Tag Archives: Irv Brecher

I didn’t recognize you standing up.

Hank Rosenfeld spent the better part of six years interviewing Irving Brecher, one of the last of the old Hollywood writers.

The result of their escapades is the as-told-to memoir “The Wicked Wit of the West” (a nickname Groucho Marx gave Brecher). Brecher died last November at 94, two months before the book was published.

Rosenfeld is all L.A., but while interviewing him for my article about him and Brecher,  “Boy Wonder,” I learned that not only did he grow up in Detroit like I did, he also lived one street over from me, on Fairway Drive. There was more. In addition to sharing a crazy adulation for Groucho, we both had E. Bryce Alpern as a pediatrician.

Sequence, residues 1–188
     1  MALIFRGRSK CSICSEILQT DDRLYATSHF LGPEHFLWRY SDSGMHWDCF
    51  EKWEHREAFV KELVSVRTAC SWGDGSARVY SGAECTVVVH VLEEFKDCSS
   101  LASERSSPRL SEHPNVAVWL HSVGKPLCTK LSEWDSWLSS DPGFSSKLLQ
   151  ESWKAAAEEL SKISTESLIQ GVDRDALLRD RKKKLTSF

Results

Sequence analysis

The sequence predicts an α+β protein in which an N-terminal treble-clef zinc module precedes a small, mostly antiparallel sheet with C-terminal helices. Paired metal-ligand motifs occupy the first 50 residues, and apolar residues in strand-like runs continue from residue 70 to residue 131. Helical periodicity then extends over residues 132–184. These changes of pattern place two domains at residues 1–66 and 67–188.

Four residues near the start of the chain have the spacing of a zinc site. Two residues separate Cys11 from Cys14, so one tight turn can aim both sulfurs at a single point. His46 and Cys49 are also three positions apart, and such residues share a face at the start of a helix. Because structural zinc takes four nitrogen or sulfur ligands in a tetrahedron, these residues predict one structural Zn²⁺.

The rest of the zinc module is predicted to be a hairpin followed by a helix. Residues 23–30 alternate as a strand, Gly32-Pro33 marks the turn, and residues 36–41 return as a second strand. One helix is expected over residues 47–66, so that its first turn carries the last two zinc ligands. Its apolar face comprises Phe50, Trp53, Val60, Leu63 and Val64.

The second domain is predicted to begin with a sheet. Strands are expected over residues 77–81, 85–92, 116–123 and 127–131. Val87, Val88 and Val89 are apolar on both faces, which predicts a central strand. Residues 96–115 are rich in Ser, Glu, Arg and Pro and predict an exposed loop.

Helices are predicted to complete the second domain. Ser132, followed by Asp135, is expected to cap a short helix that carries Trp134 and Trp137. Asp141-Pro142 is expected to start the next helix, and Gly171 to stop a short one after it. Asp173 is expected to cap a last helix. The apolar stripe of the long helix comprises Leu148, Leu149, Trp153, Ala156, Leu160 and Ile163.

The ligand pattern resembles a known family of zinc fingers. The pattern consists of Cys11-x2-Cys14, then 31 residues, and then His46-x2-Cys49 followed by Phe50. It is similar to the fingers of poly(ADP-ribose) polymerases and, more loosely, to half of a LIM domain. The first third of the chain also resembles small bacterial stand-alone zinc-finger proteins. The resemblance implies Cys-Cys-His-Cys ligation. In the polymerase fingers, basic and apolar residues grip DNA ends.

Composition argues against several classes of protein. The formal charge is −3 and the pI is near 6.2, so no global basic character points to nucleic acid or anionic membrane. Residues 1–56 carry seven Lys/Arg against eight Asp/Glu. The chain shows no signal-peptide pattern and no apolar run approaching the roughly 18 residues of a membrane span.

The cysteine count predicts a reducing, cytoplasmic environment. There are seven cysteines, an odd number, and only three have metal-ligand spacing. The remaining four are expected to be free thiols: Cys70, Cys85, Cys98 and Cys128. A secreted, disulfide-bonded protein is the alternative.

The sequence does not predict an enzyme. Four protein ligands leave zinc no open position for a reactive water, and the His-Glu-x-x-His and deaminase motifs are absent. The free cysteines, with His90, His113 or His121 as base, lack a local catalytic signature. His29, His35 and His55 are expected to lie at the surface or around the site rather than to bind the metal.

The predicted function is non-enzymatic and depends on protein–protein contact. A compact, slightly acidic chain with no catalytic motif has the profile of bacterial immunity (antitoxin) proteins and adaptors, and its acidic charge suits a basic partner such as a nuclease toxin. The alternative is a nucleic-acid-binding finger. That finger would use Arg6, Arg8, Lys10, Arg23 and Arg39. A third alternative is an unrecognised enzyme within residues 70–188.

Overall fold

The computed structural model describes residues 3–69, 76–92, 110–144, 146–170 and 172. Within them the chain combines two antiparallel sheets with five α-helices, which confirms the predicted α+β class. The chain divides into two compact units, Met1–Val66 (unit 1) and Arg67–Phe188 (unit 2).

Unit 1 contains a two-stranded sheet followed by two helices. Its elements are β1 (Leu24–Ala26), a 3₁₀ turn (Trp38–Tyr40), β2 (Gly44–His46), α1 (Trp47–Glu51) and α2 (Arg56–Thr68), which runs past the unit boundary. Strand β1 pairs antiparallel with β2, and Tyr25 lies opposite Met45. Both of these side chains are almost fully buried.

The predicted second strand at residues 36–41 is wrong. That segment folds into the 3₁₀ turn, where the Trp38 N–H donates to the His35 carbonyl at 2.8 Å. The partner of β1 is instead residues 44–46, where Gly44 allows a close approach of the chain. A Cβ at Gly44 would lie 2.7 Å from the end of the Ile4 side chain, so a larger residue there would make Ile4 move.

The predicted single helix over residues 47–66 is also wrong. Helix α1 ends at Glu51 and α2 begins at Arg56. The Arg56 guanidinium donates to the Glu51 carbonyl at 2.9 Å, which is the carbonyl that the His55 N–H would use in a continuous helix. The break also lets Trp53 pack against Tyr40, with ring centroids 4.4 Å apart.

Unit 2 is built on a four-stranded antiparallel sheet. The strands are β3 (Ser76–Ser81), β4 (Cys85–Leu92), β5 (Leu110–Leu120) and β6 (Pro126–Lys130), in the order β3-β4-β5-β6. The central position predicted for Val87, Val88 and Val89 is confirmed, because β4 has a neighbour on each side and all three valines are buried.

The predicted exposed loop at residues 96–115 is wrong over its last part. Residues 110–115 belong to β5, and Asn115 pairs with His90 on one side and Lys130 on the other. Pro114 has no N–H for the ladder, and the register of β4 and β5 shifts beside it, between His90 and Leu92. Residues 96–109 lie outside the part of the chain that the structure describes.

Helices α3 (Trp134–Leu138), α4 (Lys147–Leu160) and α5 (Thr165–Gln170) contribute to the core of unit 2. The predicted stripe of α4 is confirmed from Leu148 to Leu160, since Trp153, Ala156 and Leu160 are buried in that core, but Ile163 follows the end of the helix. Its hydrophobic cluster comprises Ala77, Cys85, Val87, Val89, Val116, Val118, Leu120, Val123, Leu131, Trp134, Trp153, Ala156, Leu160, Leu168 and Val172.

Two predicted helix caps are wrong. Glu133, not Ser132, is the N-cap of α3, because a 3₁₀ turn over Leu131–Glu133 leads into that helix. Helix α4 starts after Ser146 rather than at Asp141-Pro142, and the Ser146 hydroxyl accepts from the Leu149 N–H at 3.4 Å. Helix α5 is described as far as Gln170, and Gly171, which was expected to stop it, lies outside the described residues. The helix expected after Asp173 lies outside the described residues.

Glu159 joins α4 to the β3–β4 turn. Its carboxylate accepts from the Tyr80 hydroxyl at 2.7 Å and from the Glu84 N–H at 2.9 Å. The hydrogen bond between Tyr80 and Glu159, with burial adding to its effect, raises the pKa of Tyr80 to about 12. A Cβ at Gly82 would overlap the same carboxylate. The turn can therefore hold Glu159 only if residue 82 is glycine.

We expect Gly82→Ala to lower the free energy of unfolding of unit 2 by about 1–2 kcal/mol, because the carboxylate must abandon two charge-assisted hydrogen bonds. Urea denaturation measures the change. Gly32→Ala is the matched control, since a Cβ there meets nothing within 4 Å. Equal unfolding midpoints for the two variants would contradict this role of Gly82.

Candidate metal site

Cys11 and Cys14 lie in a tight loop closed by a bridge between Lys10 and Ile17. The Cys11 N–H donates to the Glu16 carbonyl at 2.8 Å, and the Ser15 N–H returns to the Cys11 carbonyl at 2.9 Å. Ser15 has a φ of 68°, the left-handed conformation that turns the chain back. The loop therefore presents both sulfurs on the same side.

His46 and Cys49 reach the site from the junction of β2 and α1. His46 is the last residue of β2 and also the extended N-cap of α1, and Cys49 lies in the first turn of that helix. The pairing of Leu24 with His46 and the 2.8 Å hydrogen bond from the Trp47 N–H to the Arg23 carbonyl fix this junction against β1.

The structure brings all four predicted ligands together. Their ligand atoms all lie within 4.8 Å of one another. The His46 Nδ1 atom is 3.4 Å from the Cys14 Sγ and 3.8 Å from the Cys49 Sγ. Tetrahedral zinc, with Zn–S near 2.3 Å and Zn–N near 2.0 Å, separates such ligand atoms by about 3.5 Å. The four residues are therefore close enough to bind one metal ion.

Irv had an adulation with Groucho as well as a friendship. He wrote the Marx Brothers movies At the Circus and Go West, where he gave Groucho this line: “Lulubelle, it’s you! I didn’t recognize you standing up,” and as his brothers try to revive him after a fight: “Forget the water. Force brandy down my throat.”

Rosenfeld is touring to back the book, mostly in California, but I’m sure he’d love you to bring him to your favorite book store, watering hole or house of worship. Perhaps all three are the same place.

For more on Rosenfeld and Brecher (or is it Brecher and Rosenfeld?), click here.

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